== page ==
But Valentina is also a pragmatic, resourceful woman. Even though she's furious that her father married her off to Angel without her permission, she's determined to undo the damage he's done and help him win his election. But just when she thinks she's starting to get a handle on all that drama, Jason shows up in Mexico without telling her.

Surprise!

Now, Valentina must help her family members navigate their complicated political campaign while navigating her equally complicated engagement … all the while second-guessing whether Jason is really the man she wants to be with after all.

Positive Elements

It's clear from the start that Jason and Valentina love each other very deeply. So much so, in fact, that he's willing to plan most of their wedding himself while she's in Mexico. He also gives her the benefit of the doubt to a certain point while she's away, wanting to believe that she's doing what she told him. (Even though she is, in fact, secretly trying to undo the damage her father has done by marrying her off to Angel).

Despite that rather glaring fault, however, Valentina’s father is very tender toward her. The two obviously share a close, albeit complicated, relationship. He is willing to sacrifice for his daughter, even when his judgment is clouded. And at times, Valentina is willing to help her father, too, even when it's not in her own best interests.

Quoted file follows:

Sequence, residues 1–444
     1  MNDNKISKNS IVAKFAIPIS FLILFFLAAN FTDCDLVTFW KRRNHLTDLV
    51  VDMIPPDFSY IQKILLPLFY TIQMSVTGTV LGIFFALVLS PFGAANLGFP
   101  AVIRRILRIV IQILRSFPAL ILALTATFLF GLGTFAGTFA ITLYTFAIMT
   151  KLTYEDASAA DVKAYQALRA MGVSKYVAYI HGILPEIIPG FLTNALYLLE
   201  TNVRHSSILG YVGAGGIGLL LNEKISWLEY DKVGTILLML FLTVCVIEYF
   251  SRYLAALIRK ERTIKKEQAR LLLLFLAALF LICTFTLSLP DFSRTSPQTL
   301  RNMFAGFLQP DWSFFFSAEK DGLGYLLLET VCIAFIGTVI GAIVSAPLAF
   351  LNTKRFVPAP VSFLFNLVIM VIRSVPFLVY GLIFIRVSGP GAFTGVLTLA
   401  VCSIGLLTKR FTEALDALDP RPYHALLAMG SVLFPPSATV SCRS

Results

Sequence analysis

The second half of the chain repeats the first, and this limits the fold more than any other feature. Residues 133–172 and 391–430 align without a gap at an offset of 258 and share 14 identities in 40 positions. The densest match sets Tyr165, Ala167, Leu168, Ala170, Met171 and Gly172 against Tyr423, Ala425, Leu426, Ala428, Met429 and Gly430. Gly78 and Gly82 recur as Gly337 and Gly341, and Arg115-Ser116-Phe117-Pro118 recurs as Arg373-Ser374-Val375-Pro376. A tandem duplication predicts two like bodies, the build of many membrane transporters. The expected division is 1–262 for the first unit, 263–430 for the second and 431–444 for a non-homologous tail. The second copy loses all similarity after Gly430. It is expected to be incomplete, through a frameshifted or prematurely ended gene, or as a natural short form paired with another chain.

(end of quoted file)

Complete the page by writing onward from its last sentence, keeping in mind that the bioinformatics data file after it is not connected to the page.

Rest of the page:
Angel, Valentina’s ex-lover, has started an after-school program for children in low income areas (with Demetrio's help). The film suggests that while he had major character flaws in the past, perhaps he's slowly becoming a more virtuous man in the present. Early on, Angel tries to win Valentina back. But when he realizes that she truly loves and is committed to Jason, he graciously backs off pursuing her. (Even though that newfound chivalrous behavior confuses and vexes Valentina all the more.) Ultimately, Angel wants whatever will make Valentina happy, even if it's not him.

Valentina attempts to help her family become more trustworthy in the eyes of the Mexico City people who might be voting for him. Her grounded presence helps them to become better people and make better decisions. As for Valentina and Jason, they also learn to tell each other the truth more completely, eventually adopting what they call a "100% honesty" policy.

Spiritual Content